Google engineers introduced a prototype microscope "with augmented reality," which uses artificial intelligence to detect cancer cells in tissue samples.
How it works?
Developers of the search giant had enough to modify a conventional optical microscope. The area that is viewed in the eyepiece is fixed by the camera and sent to the neuronet to be eaten. They define pathological cells and use a transparent display to designate this area. On the augmented image, these places are immediately visible, which greatly facilitates the task of a specialist. According to the authors of the project, this approach is not inferior to traditional diagnostics by a professional pathologist in accuracy.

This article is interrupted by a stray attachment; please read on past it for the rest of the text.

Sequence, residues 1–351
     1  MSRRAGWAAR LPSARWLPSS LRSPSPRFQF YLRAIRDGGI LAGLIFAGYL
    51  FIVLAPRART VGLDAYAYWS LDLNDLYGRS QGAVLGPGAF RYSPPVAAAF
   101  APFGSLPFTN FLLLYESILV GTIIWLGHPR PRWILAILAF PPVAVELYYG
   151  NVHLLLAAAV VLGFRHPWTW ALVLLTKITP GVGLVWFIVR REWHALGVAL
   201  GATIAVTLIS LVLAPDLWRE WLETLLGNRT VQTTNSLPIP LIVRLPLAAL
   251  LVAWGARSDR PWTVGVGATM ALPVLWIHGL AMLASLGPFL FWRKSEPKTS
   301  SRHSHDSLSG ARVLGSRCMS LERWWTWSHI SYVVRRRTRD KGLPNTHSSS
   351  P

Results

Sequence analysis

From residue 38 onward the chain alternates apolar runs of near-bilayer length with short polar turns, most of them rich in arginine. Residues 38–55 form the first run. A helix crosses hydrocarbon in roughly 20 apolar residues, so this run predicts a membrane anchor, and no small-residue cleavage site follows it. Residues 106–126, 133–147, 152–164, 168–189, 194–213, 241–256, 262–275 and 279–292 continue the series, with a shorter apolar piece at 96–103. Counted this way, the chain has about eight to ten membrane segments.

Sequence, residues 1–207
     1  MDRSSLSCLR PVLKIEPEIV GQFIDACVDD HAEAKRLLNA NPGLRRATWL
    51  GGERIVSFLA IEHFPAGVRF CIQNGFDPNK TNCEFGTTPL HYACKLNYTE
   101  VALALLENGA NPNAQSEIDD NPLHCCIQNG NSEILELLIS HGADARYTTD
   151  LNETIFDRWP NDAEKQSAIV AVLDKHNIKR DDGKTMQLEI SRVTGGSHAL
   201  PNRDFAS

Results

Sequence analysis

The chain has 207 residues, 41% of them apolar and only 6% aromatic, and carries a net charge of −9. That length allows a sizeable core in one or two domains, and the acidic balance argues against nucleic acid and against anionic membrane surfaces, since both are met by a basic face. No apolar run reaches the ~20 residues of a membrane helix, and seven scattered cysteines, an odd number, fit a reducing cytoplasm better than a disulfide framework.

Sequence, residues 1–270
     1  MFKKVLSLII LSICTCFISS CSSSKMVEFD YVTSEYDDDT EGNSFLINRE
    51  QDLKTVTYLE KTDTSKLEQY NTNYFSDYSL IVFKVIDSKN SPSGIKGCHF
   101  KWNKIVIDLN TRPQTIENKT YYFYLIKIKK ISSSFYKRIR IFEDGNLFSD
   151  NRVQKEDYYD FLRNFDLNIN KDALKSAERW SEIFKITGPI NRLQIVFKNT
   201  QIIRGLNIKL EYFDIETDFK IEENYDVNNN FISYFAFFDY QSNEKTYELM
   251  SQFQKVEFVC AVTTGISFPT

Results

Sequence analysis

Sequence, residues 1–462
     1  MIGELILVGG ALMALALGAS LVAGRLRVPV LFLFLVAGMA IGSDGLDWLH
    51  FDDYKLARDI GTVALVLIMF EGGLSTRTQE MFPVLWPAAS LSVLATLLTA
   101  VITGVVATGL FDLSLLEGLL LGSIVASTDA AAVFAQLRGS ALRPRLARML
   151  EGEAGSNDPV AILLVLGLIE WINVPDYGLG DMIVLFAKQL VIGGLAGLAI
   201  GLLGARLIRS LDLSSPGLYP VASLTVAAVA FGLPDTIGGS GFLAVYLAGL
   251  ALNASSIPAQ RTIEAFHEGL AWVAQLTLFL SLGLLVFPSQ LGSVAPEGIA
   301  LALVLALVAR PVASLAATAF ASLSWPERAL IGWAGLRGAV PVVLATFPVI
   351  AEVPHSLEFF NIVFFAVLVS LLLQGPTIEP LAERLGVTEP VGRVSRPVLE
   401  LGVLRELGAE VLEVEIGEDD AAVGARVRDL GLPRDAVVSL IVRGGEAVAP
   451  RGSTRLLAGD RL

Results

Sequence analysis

While experiments were conducted on systems trained to recognize prostate and breast cancer. Already now they operate in real time with a frequency of 10 frames per second. When you move the sample, the image is immediately scanned and the result is instantly displayed.
Why is it important?
Because not all laboratories can afford to purchase a digital microscope for early detection of cancer cells. It's much cheaper to integrate the camera and display into an "analog" model using the available components. How much such an upgrade can do is not reported.
In Google they want to train their microscope to recognize other types of cancer, tuberculosis and malaria. There are no global plans for the introduction of new technology for the team yet - first you need to test everything.